Outlook: While not spectacular, QB Cody Green will have access to a very solid set of hands this fall. The foundation is stable, with Burnham providing a steady presence on the outside, and Carter locating soft spots wherever they appear. The key will be the emergence of James, Garrett and Roberson, who’ll be asked to take some heat off the go-to guys.
Unit Rating: 6.5
One of the biggest hurdles on offense will be to find three new starters up front, including the entire left side of the line. Solace can be found in the return of senior C Trent Dupy, a grizzled veteran of 36 starts since moving into the lineup as a freshman. While only 6-2 and 285 pounds, and not likely to bury his man, he’s a skilled tactician at the pivot, and is the undisputed leader of the offensive line. Dupy is one of the most valuable players in Tulsa, even if he doesn’t get the notoriety to match his importance.
The team’s other returning starter is 6-4, 303-pound RG Stetson Burnett, though he has been slowed in the offseason by an injury. The junior has been in the lineup in 20 of his 22 games, and has a high ceiling that should be approached this fall. His long arms and light feet are a good fit for an offense that wants its linemen to be nimble and athletic. Because Burnett was unable to participate in spring drills, he’s currently deadlocked at right guard with 6-2, 291-pound junior Gabe Moyer. The junior earned his first letter a year ago, and will bring much-needed experience to the depth chart.
Completing the right side of the line will be 6-3, 305-pound senior Brian DeShane, a vet of three letters at Tulsa. He’s done a little bit of everything for the program, and will be counted on to join Dupy as one of the line’s leaders.
Senior Jared Grigg has been slotted in at the all-important left tackle position. Despite being on campus for his fifth year, the 6-4, 280-pounder has not played many minutes, meaning he’ll wear a target on his back as opposing pass rushers try to test him in the early stages of the season.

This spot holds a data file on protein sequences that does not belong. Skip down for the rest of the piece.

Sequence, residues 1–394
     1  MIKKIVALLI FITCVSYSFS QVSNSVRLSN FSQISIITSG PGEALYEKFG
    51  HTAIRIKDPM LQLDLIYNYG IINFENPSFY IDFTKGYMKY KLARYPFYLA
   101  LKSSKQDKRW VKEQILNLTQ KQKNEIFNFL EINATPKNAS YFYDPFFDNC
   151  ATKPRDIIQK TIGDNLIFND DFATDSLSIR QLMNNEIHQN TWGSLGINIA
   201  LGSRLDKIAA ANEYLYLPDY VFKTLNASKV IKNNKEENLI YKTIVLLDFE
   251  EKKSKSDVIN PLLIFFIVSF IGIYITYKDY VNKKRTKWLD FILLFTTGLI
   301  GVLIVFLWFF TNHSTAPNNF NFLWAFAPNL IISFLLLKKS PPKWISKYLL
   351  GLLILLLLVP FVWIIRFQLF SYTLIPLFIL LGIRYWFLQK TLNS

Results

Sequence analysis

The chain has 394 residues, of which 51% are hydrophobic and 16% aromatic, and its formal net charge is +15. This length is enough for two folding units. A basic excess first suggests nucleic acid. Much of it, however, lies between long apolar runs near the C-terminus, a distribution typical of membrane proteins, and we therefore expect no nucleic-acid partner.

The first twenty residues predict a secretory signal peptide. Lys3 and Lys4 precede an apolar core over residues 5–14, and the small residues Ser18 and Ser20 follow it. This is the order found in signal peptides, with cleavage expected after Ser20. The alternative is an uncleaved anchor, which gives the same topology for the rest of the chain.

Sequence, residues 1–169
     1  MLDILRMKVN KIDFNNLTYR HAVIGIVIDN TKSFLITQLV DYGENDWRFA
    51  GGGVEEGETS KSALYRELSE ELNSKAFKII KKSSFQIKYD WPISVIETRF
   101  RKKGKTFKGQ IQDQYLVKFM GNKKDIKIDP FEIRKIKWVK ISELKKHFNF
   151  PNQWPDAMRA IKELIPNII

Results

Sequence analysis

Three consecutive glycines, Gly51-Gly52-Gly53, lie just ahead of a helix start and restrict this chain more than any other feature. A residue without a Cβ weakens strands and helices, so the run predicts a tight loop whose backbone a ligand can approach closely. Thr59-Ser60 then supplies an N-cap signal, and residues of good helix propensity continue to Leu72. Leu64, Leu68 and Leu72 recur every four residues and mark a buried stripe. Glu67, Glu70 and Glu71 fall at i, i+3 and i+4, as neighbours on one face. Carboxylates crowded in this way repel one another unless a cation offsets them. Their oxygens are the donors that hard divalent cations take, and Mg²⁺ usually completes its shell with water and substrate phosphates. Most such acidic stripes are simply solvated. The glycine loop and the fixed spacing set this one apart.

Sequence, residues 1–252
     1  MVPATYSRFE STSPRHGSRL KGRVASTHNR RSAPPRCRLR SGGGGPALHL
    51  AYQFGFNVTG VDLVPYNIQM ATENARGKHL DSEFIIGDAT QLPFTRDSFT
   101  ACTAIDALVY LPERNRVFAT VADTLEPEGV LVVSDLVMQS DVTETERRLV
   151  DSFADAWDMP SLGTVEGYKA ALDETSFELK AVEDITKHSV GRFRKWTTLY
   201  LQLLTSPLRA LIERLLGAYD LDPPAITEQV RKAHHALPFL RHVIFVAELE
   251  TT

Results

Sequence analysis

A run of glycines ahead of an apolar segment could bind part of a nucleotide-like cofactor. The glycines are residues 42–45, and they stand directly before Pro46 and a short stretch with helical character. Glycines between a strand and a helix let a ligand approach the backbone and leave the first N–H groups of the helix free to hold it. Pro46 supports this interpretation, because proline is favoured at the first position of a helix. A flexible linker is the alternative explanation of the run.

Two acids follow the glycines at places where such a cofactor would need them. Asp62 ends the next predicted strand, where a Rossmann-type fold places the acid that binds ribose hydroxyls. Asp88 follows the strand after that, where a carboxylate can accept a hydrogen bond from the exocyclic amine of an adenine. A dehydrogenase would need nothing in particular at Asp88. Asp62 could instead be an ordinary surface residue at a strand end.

Rounding out the starting unit as spring practice ended was 6-2, 294-pound sophomore Jake Alexander. He fought his way back from knee surgery to contribute in 2011, showing the drive blocking and intensity that made him such a coveted recruit in 2010. This season could be his coming-out party.
Watch Out For .... Grigg. The Hurricane’s left tackle could hold the key to the fate of the O-line this season. Not only does he lack a lot of relevant experience at this level, but he lines up at a position that can completely derail the passing attack if not handled properly.
Strength: The interior of the line. Tulsa should be plenty tough at center and guard this fall, provided the starters remain off the trainer’s table. Dupy provides a solid base at the pivot, while Burnett and the up-and-coming Alexander possess the potential to be Conference USA all-stars before they’re through.
Weakness: Proven depth. While the staff really likes its young kids, it also really hopes they don’t get forced into action in 2012. Four redshirt freshmen, LT Garrett Gladd, LG Josh Bencke, C Billy Lafortune and RT Garrett Stafford are currently listed as second-teamers. The youngsters, especially Gladd and Stafford, bring excitement for the future, but some trepidation for the present.
Outlook: With the likes of Dupy, Burnett and DeShane, there are enough seasoned players for the Hurricane to feel cautiously optimistic about its blockers for the upcoming season. However, Tulsa’s margin for error is not what it was a year ago, thanks to the graduations of three key players. Staying healthy, and developing the freshmen on the fly will be essential between now and September.